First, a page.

AI in aviation needs to be trustworthy and human-centric

by Camille Uylenbroeck - Data Scientist | minutes read

The aviation industry has a long-standing and well-founded reputation for being at the forefront of technological innovation. When it comes to artificial intelligence (AI), however, it seemed to be lagging behind somewhat, at least compared to other tech-driven industries. But as a recently published report clearly shows, the pace of AI deployment is now rapidly accelerating in the aviation industry too.

As European Commissioner for Transport Adina Valean observes in her welcome message for that recent report: “In comparison with the world around us, where rapid change is being powered by the broad availability of internet and an ongoing digital revolution, the aviation industry has been slower to take up technological, and in particular, digital innovations.”

Black box problem

There are plenty of good reasons, though, for this slower take-up. As Ms. Valean herself is quick to point out, “AI poses challenges of a technological, safety, security, ethical and legal nature.” That’s a lot of challenges to deal with, to be sure. But the main challenge remains quite obviously the safety-critical nature of the aviation industry itself. Never mind then that various levels of automation are already present in that industry, alongside massive data streams or so-called Big Data - a key prerequisite for the successful use of AI. In aviation, as in any other transportation industry, safety and security has always been, and will always remain, of paramount importance.

In other words: as with the adoption of any new technology, trust is the main issue here. In the case of artificial intelligence, however, this tends to be an even bigger issue than usual, since AI technologies make recommendations or decisions based on information that is quite difficult, if not downright impossible, for people to comprehend. For many people, in fact, AI remains somewhat of a black box: you put something in, but you don’t know exactly what will come out or why.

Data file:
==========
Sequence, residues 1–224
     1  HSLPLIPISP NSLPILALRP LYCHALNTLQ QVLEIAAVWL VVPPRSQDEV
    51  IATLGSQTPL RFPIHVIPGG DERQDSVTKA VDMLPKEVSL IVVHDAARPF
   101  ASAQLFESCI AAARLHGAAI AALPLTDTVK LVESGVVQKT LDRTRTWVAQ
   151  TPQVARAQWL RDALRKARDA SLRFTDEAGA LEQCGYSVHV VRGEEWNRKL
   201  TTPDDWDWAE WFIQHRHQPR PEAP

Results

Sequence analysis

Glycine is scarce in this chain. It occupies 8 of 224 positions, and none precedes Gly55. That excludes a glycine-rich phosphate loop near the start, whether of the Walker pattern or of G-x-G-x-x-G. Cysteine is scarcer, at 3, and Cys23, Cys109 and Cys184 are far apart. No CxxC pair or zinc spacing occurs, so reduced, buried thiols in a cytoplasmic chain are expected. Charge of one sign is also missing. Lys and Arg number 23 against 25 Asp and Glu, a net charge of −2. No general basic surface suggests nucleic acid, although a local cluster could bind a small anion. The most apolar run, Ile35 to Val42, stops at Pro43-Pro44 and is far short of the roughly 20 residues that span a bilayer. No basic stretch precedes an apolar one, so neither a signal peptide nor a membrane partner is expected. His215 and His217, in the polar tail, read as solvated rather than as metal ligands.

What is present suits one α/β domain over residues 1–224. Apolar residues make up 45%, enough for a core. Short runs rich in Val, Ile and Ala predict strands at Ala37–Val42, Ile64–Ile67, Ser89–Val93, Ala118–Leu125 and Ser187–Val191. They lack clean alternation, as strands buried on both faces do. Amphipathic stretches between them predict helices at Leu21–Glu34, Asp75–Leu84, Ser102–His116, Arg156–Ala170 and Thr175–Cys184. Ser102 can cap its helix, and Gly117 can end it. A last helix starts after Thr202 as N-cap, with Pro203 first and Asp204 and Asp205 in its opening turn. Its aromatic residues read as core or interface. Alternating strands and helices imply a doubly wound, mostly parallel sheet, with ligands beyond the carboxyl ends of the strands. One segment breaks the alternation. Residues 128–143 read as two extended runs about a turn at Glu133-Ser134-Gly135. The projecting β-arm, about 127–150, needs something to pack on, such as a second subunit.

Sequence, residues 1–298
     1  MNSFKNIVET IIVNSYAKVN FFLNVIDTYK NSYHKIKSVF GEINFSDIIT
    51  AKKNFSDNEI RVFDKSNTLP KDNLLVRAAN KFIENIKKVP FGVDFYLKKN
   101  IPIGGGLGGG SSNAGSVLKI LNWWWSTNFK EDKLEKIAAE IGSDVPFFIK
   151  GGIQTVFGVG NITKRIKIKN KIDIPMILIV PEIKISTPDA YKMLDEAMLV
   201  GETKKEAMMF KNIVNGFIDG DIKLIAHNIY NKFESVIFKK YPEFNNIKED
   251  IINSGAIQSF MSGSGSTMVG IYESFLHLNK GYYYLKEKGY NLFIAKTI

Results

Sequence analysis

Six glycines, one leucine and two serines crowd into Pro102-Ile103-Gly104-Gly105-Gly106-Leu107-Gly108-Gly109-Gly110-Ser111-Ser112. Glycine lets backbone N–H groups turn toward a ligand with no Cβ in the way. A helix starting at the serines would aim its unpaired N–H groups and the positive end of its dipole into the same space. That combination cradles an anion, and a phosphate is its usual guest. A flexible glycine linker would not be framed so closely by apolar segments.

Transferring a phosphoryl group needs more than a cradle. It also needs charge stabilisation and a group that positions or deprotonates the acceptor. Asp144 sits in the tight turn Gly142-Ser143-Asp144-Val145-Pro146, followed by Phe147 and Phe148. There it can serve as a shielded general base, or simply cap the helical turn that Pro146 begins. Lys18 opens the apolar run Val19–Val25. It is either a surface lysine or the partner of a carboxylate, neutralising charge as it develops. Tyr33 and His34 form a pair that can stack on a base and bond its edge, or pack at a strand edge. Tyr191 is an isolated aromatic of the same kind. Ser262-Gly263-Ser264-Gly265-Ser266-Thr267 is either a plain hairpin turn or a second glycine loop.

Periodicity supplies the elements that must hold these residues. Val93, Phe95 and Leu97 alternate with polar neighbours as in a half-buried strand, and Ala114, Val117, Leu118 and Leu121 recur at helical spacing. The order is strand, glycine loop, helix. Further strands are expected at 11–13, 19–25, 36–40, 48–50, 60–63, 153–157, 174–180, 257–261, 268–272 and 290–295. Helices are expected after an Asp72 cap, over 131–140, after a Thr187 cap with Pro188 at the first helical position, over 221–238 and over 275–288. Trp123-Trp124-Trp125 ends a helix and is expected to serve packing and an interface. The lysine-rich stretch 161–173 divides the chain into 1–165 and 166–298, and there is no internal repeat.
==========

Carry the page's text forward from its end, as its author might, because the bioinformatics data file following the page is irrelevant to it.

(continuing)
Trustworthiness is the trust we place in a technology. In order to give confidence to a new technology, we must somehow understand it first. Moreover, we must be able to justify why certain choices are made by that new technology and why specific decisions are taken. That is the explainability of AI: a second essential component for building trust, that has already been dealt with in  XAI: making algorithms great again.

Questions about the trustworthiness and explainability of AI arise from the fact that we have little insight into the algorithms behind it. Hence the need for a system that can explain the decision model behind these algorithms and show us which input and parameters have been important in making a certain choice. By displaying all this clearly and visually, the barriers to using AI could be substantially lowered, so that people with a less technical background could also start working with the technology.

Last but not least, the actual ‘intelligence’ in AI is still somewhat inherently limited today by the fact that it only looks at past decisions and makes a series of new decisions based on them. Therefore, it is extremely important that the historical data entered does not contain errors and that it is not biased.

Human advisor

Safety and security issues notwithstanding, the recent report on the use of AI in aviation clearly “shows that AI is being trialled extensively, and increasingly introduced into service provision”, according to EU Commissioner Valean. As always, for any new technology to succeed, it is important to find the right balance between different and sometimes conflicting interests.

It is at least as important, though, to find the right business case. At Sopra Steria, we believe the aviation industry offers many opportunities for AI deployment, especially in cases where that technology can set up a collaboration between man and machine. At this stage, we mainly see AI as a human advisor, with people retaining control and responsibility at all times. Rather than a single system that solves everything itself, we prefer to think of AI as a system that is ideally suited for supporting people.

In my next blog post, I will take a closer look at the challenges in the aviation industry that AI technologies can help to address.